Freeland’s first church was really a Sunday School that was started by Joseph King two years after he had settled along the Tittabawassee River. It was in 1846 that he invited his neighbors to worship in his log cabin. Worship continued there until 1854 when the King School House was built. The land on the corner of 2nd and Washington was donated by Joseph’s son Noble. Jacob Lewis was converted there and became a Circuit Rider. He was also the first school teacher there.
Circuit riders continued to serve in King’s School House until in 1870 they felt they could support a minister on their own. There were 88 members in 1871.
The first minister was paid $466 and preached at four other churches. The next pastor was J. G. Sparling and the first church was built on land given by Noble King again. In 1880 the parsonage was built. By 1892, Freeland had three churches, The Congregational on Third Street where the township office is now, the Methodist on corner of 1st and Washington, and the Seventh Day Adventist on the corner of River and Freeland Roads.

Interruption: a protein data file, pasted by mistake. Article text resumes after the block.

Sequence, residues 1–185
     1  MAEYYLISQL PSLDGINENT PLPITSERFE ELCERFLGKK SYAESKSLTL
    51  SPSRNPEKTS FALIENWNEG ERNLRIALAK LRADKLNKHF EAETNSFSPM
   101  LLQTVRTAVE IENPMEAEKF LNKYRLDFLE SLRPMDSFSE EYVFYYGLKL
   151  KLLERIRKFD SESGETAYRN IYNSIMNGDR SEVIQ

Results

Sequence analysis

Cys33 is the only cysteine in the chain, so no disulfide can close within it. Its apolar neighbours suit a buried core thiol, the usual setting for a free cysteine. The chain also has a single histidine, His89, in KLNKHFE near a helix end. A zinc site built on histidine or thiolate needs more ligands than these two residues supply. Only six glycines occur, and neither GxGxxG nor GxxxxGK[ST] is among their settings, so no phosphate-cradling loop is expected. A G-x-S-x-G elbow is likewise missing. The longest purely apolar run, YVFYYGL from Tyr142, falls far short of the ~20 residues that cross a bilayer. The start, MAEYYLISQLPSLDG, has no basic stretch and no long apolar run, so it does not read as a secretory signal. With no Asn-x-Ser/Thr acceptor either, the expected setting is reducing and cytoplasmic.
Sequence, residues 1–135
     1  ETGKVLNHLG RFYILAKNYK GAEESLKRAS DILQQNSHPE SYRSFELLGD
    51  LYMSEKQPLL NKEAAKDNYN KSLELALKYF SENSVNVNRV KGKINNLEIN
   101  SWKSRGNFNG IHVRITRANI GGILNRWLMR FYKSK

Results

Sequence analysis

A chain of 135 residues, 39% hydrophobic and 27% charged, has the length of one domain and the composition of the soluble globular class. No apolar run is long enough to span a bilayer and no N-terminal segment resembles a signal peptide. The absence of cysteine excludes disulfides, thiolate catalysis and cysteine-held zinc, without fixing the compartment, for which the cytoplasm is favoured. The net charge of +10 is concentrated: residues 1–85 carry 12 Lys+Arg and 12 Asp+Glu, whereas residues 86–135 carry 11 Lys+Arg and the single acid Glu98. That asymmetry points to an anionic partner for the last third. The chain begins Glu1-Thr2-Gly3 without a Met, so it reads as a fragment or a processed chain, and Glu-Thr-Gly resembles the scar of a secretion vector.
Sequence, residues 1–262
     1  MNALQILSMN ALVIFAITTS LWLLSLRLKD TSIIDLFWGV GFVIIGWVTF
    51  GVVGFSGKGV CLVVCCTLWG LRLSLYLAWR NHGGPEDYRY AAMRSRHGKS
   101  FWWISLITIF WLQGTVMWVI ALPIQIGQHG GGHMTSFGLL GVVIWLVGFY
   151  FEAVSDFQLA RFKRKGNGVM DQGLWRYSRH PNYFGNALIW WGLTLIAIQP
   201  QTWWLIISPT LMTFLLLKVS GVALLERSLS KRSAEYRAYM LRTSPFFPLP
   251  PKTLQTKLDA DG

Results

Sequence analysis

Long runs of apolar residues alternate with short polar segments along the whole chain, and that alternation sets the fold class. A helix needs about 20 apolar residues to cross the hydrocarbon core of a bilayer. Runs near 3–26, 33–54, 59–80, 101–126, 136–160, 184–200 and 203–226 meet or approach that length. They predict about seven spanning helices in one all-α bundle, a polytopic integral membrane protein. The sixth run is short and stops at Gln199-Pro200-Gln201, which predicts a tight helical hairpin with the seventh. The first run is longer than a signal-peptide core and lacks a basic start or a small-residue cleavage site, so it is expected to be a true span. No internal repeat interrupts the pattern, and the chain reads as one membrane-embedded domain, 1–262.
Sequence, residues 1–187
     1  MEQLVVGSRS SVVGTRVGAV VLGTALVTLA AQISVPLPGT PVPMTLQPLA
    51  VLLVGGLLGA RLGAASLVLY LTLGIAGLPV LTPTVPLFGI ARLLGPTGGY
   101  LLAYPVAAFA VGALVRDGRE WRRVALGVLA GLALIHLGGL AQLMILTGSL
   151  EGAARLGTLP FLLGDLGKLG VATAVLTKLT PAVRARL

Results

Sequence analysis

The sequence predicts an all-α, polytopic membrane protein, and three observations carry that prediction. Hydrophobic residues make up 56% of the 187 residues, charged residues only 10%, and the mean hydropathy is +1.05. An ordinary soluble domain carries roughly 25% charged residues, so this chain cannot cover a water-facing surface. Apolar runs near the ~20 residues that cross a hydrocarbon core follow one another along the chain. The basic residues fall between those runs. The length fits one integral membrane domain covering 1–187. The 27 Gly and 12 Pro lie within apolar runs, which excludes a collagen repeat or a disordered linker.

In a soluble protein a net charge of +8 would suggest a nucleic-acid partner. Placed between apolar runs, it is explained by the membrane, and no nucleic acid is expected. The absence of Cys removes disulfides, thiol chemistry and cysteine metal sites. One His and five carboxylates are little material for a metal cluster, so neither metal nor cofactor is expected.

In 1911, the brick parsonage was built and the old one moved to Third St. Then in 1919, under Elder John Black’s pastorate the new church was built. It cost $22,000. The pulpit furniture was bought by selling “Sunday Eggs”.
In 1989, when Rev. Dennis Paulson was here, the church was named an “Historic Site”. It is now included in the State Register of Historic Places.
In May of 1991 a new parsonage on River Road was purchased and the old one moved to 2nd St. The bricks were removed and siding was added. Later Dr. Ostrander’s house next door was moved to Smith Street behind the present church.
When the planning began for the new structure, the congregation was firm about saving and incorporating the beautiful stained glass windows into the new church. Also the steeple was saved and is the center of one flower bed and the bell is in another garden. Original Altar furniture also graces our new altar. The new kneelers were made of trees that were cut down for the construction site. The present all handicapped accessible church was dedicated in 2001. It’s cost was $1.4 million.